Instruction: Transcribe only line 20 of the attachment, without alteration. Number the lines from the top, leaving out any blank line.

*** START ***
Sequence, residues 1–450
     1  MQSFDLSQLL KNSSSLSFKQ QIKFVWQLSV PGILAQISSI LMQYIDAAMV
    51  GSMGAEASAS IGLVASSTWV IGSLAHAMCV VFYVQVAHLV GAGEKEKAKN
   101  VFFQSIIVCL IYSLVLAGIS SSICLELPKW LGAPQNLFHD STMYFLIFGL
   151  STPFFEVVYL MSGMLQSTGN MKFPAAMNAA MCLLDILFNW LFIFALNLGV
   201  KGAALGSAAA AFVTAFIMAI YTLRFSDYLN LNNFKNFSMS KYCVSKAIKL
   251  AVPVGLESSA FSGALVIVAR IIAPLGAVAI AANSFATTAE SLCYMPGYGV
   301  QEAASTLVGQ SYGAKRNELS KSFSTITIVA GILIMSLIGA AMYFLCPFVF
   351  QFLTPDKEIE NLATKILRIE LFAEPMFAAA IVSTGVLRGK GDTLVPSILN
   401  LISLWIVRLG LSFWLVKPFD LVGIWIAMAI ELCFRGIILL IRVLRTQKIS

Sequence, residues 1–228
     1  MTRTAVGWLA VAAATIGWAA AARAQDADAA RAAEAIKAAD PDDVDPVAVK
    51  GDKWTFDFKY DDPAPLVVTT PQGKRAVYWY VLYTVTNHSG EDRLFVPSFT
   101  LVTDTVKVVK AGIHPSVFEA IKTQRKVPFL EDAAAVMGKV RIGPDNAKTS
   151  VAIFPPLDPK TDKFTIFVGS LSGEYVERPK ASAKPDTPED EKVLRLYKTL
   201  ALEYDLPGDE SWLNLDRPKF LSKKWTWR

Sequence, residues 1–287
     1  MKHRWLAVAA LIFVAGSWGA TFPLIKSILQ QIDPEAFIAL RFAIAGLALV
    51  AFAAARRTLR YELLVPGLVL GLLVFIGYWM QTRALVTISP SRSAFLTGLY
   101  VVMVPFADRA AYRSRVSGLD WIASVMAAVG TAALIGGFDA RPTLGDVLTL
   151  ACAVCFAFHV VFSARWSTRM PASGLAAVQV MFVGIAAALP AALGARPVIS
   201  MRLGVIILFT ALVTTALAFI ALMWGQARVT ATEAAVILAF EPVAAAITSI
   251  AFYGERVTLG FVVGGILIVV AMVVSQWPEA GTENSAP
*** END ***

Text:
   101  VVMVPFADRA AYRSRVSGLD WIASVMAAVG TAALIGGFDA RPTLGDVLTL